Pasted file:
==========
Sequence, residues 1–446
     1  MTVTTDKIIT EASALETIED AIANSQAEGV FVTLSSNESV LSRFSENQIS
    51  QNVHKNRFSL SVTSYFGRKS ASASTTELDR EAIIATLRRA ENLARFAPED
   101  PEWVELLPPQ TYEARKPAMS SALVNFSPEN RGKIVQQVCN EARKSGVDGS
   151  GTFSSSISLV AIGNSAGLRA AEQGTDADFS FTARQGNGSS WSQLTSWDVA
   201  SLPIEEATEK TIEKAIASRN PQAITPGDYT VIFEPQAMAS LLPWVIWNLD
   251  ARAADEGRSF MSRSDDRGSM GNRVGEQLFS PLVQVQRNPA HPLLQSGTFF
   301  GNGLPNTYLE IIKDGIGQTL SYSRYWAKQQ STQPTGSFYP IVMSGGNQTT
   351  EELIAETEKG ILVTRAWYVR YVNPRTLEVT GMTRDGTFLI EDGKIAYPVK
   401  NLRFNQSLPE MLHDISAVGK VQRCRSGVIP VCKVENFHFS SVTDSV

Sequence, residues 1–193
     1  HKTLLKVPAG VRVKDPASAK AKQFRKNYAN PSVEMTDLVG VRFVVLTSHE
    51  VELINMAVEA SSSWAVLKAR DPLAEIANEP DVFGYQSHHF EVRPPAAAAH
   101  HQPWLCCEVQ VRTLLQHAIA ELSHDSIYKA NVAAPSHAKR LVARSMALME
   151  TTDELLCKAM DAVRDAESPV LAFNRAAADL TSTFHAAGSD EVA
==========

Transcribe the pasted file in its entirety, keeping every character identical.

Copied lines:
Sequence, residues 1–446
     1  MTVTTDKIIT EASALETIED AIANSQAEGV FVTLSSNESV LSRFSENQIS
    51  QNVHKNRFSL SVTSYFGRKS ASASTTELDR EAIIATLRRA ENLARFAPED
   101  PEWVELLPPQ TYEARKPAMS SALVNFSPEN RGKIVQQVCN EARKSGVDGS
   151  GTFSSSISLV AIGNSAGLRA AEQGTDADFS FTARQGNGSS WSQLTSWDVA
   201  SLPIEEATEK TIEKAIASRN PQAITPGDYT VIFEPQAMAS LLPWVIWNLD
   251  ARAADEGRSF MSRSDDRGSM GNRVGEQLFS PLVQVQRNPA HPLLQSGTFF
   301  GNGLPNTYLE IIKDGIGQTL SYSRYWAKQQ STQPTGSFYP IVMSGGNQTT
   351  EELIAETEKG ILVTRAWYVR YVNPRTLEVT GMTRDGTFLI EDGKIAYPVK
   401  NLRFNQSLPE MLHDISAVGK VQRCRSGVIP VCKVENFHFS SVTDSV

Sequence, residues 1–193
     1  HKTLLKVPAG VRVKDPASAK AKQFRKNYAN PSVEMTDLVG VRFVVLTSHE
    51  VELINMAVEA SSSWAVLKAR DPLAEIANEP DVFGYQSHHF EVRPPAAAAH
   101  HQPWLCCEVQ VRTLLQHAIA ELSHDSIYKA NVAAPSHAKR LVARSMALME
   151  TTDELLCKAM DAVRDAESPV LAFNRAAADL TSTFHAAGSD EVA